if I also offer the Doctor my most enthusiastic contrafibularities.
Contrafibularities, sir. It is a common word, down our way.
Oh, I'm sorry, sir. I am adyspeptic... frasmotic...
..even compunctuous to have caused you such pericumbobulations.
What, what, what?!
He walks on set with the absolute comic genius that is
Rowan Atkinson and he is surrounded by all these amazing comedians...
I'm sorry, sir, I merely wished to congratulate the Doctor
on not having left out a single word.
And then he just walked in and played this perfect Dr Johnson, this
huge, Scottish guy, effete and comic and whimsical, and it was perfect.
There is certainly a fieriness in him, there is
a passion in him, when actually, I think
that's partly why he works so well in a lot of historical dramas,
which he went on to do later on in his career,
because often in historical dramas, certainly comedic ones,
you want that sort of Dickensian caricature, don't you,
you want someone a bit over the top.
-Tell me, sir, what words particularly interested you?
-Anything, really, you know.
-I see you've underlined a few.
Bloomers, bottom, burp...
-Fart? Fiddle? Fornicate?
Sir, I hope you are not using the first English dictionary
to look up rude words!
I wouldn't be too hopeful,
that's what all the other ones will be used for.
By this stage of his career,
it seemed Robbie Coltrane could play any part.
His fearlessness and versatility made him a casting director's dream.
But even Robbie felt he was way out of his depth
when Kenneth Branagh asked him to take the role of lovable old rogue
Falstaff in his version of Shakespeare's Henry V.
So, I walk onto the set and there's all these Shakespearean actors,
you know, like Robert Stephens and, well, Branagh, for God's sake,
and Em and all these people. Oh, my God!
'But actually, once you get into it,'
it is like rapping.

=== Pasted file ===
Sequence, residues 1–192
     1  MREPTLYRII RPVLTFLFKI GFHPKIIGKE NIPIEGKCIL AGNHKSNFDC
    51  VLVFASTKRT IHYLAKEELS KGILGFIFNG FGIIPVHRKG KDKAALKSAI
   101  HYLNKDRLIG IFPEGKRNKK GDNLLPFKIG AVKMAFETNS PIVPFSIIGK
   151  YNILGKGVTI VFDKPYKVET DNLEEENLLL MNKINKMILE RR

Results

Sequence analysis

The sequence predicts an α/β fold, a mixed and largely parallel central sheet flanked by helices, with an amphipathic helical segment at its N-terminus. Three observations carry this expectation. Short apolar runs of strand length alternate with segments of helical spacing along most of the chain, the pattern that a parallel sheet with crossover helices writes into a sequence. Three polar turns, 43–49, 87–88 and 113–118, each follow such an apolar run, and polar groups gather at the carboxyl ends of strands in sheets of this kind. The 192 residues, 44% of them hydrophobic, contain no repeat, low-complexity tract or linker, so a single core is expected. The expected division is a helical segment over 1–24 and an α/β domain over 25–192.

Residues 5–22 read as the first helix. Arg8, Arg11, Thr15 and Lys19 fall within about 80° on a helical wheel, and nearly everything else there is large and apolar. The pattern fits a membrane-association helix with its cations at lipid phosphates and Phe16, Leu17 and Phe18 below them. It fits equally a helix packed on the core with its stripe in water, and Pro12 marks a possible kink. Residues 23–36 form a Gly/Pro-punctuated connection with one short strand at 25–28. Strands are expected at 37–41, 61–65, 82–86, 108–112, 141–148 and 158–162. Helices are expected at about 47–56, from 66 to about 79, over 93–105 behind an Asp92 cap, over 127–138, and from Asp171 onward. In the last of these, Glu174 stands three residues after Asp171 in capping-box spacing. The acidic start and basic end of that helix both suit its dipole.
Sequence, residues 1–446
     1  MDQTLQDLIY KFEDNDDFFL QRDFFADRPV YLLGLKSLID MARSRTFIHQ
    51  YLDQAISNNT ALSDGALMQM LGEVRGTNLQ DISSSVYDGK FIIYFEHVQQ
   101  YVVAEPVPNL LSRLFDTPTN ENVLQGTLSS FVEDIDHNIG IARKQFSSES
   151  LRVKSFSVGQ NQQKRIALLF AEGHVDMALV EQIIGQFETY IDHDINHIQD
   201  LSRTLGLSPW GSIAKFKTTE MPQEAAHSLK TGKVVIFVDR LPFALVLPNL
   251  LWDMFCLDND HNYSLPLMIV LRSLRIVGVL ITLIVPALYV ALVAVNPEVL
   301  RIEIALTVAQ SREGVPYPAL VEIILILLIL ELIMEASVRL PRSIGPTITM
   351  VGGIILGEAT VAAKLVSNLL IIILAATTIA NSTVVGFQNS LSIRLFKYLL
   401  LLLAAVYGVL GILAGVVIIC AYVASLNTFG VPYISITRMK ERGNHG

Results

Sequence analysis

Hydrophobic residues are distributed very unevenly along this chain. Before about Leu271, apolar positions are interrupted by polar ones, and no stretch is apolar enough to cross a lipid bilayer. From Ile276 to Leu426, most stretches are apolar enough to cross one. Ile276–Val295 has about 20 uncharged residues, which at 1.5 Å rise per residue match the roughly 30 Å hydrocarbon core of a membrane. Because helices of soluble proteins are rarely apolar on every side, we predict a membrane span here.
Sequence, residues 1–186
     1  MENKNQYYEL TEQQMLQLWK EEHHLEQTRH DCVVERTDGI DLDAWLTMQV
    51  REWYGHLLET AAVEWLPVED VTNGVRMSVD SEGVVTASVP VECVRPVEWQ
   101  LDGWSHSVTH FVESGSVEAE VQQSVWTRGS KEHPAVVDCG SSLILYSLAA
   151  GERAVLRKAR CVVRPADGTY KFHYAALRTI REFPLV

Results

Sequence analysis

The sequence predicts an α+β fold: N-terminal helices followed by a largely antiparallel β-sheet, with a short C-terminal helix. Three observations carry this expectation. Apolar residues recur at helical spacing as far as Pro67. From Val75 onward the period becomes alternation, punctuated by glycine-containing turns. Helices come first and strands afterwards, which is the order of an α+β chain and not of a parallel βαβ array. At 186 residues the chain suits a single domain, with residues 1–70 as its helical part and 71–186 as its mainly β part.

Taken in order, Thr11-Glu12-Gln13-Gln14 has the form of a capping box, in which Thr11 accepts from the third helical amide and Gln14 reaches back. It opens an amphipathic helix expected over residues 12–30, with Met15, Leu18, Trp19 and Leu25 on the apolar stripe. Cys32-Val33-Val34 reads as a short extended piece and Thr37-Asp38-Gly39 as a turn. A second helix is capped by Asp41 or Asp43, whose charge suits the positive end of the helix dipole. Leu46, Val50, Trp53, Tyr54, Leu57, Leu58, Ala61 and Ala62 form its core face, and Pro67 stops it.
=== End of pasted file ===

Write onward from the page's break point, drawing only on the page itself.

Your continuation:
If sack and sugar be a fault, then God help the wicked. Mm?
If to be old and merry is a sin, if to be fat is to be hated...
No, my good lord.
He was so encouraging, he said,
"You can do this, Robbie, you can do this!" And so, he got me to do it.
When thou art King, banish Pistol,
banish Bardolph, banish Nym.
But sweet Jack Falstaff, valiant Jack Falstaff,
and therefore more valiant, being as he is, old Jack Falstaff,
banish not him, thou had his company.
Banish plump Jack and banish all the world.
You expect Falstaff to be a silly old, fat old, bumbling old coward.
And Robbie is none of those things.
And so again, you know, you cast somebody who is
a very, very unexpected route into a character.
And Robbie will always satisfy you with that,
You are so fat, Sir John,
that you must indeed be out of all compassment!
Do thou amend thy face and I'll amend my life.
There is a great line about Falstaff, they talk about,
"The grave opens wider for a big man."
Which means that big men tend to die earlier than thin men.
But I think generally, history has been quite good to Falstaff.
Upon my troth, the King has killed his heart.
Robbie returned to doing a one-man show,
but this time in a series of one-act plays for TV,
originally written by the Italian and Nobel Prize winner, Dario Fo.
Revised and updated for a '90s audience, the plays were